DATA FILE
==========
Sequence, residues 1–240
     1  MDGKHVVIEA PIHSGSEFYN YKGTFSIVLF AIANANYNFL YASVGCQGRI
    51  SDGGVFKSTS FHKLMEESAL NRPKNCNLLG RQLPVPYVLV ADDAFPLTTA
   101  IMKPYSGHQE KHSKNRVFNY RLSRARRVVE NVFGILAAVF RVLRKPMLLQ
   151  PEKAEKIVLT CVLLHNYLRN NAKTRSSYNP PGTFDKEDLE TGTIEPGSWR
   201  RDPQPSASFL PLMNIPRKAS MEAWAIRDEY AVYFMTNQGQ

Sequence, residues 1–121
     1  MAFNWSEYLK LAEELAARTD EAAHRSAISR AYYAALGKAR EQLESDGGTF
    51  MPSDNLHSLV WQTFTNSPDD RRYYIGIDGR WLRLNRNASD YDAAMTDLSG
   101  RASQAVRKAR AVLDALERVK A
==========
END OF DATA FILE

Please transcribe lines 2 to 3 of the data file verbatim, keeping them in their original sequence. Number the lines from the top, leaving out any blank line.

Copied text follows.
     1  MDGKHVVIEA PIHSGSEFYN YKGTFSIVLF AIANANYNFL YASVGCQGRI
    51  SDGGVFKSTS FHKLMEESAL NRPKNCNLLG RQLPVPYVLV ADDAFPLTTA